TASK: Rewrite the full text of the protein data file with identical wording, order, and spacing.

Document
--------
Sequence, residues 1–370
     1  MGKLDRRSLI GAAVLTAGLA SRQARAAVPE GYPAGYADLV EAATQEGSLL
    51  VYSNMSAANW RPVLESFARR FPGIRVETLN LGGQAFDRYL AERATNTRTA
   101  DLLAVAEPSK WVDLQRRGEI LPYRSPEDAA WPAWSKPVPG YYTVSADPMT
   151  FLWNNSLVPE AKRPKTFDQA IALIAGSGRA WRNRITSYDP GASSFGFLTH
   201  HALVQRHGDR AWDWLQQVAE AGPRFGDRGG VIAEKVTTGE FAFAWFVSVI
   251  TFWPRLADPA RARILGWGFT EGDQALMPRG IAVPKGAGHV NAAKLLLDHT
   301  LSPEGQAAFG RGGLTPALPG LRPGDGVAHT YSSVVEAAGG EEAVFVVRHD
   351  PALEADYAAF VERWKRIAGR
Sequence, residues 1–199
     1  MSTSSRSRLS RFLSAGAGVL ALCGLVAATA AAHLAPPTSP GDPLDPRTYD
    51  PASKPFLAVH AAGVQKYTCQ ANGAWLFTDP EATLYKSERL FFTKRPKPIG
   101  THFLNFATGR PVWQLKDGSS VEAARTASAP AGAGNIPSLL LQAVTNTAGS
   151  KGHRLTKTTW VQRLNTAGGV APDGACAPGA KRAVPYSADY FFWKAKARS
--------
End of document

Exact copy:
Sequence, residues 1–370
     1  MGKLDRRSLI GAAVLTAGLA SRQARAAVPE GYPAGYADLV EAATQEGSLL
    51  VYSNMSAANW RPVLESFARR FPGIRVETLN LGGQAFDRYL AERATNTRTA
   101  DLLAVAEPSK WVDLQRRGEI LPYRSPEDAA WPAWSKPVPG YYTVSADPMT
   151  FLWNNSLVPE AKRPKTFDQA IALIAGSGRA WRNRITSYDP GASSFGFLTH
   201  HALVQRHGDR AWDWLQQVAE AGPRFGDRGG VIAEKVTTGE FAFAWFVSVI
   251  TFWPRLADPA RARILGWGFT EGDQALMPRG IAVPKGAGHV NAAKLLLDHT
   301  LSPEGQAAFG RGGLTPALPG LRPGDGVAHT YSSVVEAAGG EEAVFVVRHD
   351  PALEADYAAF VERWKRIAGR
Sequence, residues 1–199
     1  MSTSSRSRLS RFLSAGAGVL ALCGLVAATA AAHLAPPTSP GDPLDPRTYD
    51  PASKPFLAVH AAGVQKYTCQ ANGAWLFTDP EATLYKSERL FFTKRPKPIG
   101  THFLNFATGR PVWQLKDGSS VEAARTASAP AGAGNIPSLL LQAVTNTAGS
   151  KGHRLTKTTW VQRLNTAGGV APDGACAPGA KRAVPYSADY FFWKAKARS